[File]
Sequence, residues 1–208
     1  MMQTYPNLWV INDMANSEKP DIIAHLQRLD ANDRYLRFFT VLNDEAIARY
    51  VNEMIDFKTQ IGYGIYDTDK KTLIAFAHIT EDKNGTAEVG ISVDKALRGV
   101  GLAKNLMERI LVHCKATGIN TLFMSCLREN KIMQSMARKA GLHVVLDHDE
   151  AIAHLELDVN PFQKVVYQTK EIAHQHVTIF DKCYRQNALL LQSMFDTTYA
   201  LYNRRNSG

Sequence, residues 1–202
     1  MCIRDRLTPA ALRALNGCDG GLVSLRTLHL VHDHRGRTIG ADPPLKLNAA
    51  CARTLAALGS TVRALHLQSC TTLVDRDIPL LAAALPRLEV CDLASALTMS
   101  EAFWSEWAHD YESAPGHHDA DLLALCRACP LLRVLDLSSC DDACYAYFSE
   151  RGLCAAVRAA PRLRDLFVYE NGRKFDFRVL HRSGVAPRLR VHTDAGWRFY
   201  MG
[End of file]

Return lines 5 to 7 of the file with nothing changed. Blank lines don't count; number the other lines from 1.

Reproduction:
   151  AIAHLELDVN PFQKVVYQTK EIAHQHVTIF DKCYRQNALL LQSMFDTTYA
   201  LYNRRNSG

Sequence, residues 1–202